Mechanism of Sound Transduction

 

   The role of the inner ear

Even though the structure of cochlea seems to be complicated, its basic operation is relatively simple. Inward motion at the oval window caused by ossicles pushes the perilymph in the scala vestibule towards the apex of the cochlea. The fluid pressure, through the helicotrema, then travels back down the scala tympani to the round window. This causes the membrane at the round window to bulge out. In this process, the flexible basilar membrane that sits in between scala tympani and scala vestibule bends in response to sound.

How does the basilar membrane respond to sound?

Two structural properties of the basilar membrane determine the way it responds to a sound wave:

        1. The apex of the membrane is 5 times wider than the base.

        2. The base of the membrane is about 100 times stiffer than the apex.

Figure 1: Schematic representation of the basilar membrane within the cochlea (uncoiled for illustration of greater clarity) showing its length variation from the base toward the apex.

Image courtesy of http://openlearn.open.ac.uk/mod/resource/view.php?id=263156 under a Creative Commons license.

 

The wave travelling along the membrane is analogous to that runs along a rope when you give it a snap while holding it in your hand. The distance the wave travels up from the base to the apex of the basilar membrane depends on its frequency: high-frequency waves cause great deal of vibration at the stiffer base and dissipates most of the energy before propagating further; in contrast, low-frequency waves travel all the way up to the floppy apex before complete dissipation of energy. The unique response of the basilar membrane sets up a place code whereby different locations of membrane are maximally bent or deformed at different sound frequencies.


Figure 2: Displacement of the basilar membrane in reponse to sound waves of low frequency (top) and high frequency (bottom).

Image produced by the author of the website.

 

How is the place code converted into neural coding of pitch?

Since the organ of Corti is rigidly connected to the basilar membrane, any movement of the membrane in response to sound waves will cause the structures within the organ of Corti, including the hair cells, to move as a unit. When sound causes the basilar membrane to move upward, the reticular lamina moves up and in towards the tectorial membrane, causing the stereocilia of outer hair cells to bend due to their attachment at the tips to the membrane. Likewise, downward movement of basilar membrane causes bending of stereocilia in the opposite direction. In fact, stereocilia from inner hair cells are similarly bent, presumably as a result of endolymph movement. The stereocilia on a hair cell are made to stick together by cross-link actin filaments and hence move as a unit.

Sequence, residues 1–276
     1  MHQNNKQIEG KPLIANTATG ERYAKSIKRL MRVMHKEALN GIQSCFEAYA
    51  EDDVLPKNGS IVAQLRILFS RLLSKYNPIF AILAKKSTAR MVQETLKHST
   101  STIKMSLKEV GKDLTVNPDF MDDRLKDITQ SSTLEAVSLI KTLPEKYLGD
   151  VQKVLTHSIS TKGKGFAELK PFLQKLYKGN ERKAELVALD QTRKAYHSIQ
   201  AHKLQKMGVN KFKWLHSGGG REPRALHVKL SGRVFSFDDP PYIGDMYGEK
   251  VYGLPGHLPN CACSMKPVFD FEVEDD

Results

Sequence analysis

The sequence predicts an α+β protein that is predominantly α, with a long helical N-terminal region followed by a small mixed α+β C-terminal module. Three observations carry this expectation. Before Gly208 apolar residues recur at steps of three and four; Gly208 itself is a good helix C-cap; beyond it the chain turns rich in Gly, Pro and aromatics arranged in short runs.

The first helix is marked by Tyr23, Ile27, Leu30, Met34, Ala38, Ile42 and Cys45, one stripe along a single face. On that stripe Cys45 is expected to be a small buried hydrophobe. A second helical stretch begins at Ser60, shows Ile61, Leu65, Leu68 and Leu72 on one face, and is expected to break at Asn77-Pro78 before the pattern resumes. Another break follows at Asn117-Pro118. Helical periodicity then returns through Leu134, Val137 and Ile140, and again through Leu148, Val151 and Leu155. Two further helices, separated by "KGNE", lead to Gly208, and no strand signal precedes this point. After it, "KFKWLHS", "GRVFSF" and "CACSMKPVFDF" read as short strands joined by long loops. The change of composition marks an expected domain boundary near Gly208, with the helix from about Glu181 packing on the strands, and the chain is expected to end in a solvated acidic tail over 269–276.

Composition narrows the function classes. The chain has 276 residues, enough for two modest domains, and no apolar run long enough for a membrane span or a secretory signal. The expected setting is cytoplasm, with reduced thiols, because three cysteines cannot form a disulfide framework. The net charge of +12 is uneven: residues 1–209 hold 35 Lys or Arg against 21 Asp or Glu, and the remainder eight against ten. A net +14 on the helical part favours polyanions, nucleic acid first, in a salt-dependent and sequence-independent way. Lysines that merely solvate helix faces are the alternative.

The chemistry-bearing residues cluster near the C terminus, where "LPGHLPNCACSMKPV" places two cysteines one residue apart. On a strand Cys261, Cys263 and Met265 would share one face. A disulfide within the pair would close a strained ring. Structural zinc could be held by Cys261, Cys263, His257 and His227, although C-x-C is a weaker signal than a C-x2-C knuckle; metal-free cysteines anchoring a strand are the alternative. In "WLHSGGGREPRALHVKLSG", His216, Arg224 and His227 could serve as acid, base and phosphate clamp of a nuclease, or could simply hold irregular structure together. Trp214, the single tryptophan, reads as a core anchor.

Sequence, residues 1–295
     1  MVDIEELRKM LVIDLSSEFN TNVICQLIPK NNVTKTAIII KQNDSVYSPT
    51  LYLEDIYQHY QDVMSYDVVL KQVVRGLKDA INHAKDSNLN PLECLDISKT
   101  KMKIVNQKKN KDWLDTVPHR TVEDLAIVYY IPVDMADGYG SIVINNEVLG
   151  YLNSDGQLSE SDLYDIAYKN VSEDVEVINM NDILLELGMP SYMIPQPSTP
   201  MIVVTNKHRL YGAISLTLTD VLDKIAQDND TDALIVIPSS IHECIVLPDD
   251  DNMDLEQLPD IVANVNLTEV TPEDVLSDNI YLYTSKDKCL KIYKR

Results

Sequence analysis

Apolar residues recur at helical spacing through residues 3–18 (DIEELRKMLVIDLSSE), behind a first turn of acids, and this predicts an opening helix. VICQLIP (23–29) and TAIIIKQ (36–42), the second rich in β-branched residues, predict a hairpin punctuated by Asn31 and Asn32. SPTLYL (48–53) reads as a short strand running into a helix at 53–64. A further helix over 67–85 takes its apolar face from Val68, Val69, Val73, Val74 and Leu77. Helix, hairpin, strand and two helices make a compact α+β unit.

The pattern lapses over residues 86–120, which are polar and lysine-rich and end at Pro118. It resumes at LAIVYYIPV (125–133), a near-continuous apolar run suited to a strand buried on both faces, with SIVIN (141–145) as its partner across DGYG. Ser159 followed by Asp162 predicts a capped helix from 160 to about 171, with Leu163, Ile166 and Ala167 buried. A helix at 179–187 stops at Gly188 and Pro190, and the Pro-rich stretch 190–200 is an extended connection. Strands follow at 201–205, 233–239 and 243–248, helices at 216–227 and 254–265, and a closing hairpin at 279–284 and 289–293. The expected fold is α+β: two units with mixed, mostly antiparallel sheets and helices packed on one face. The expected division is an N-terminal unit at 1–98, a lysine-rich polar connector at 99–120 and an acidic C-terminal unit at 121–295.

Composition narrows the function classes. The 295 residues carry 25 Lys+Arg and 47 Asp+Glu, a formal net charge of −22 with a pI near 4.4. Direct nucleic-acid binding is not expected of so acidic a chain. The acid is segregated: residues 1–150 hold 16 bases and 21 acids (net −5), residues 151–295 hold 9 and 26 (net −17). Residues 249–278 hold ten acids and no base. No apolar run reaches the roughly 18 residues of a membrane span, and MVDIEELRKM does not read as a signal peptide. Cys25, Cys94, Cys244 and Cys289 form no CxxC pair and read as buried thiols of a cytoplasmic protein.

Figure 3: The bending directions of the hair cells depend on whether the basilar membrane is moving upward (a), resting (b), or moving downward (c). 

Image courtesy of http://openlearn.open.ac.uk/mod/resource/view.php?id=263160 under a Creative Commons license.

 

Bending of the stereocilia leads to the generation of neural signals

Recording from the bony structure in vivo has technically been a difficult issue. Therefore the transduction mechanism has been revealed mostly by in vitro studies of isolated hair cells from the cochlea. Recordings from these cells have shown that bending of stereocilia in a direction causes depolarization of the hair cell.  As they bend in the other direction, the cell hyperpolarizes instead. Consequently, when the sound wave causes the stereocilia to bent backward and forward, hyperpolarization and depolarization of the hair cells occur in alternative manner from the resting potential.

Figure 4: Hyperpolarization and depolarization of the hair cell depending on the bending direction of the stereocilia. The hair cell receptor potential follows the changes in air pressure closely during a low-frequency sound.

Image courtesy of http://openlearn.open.ac.uk/file.php/3373/SD329_1_015i.jpg under a Creative Commons license.

 

 

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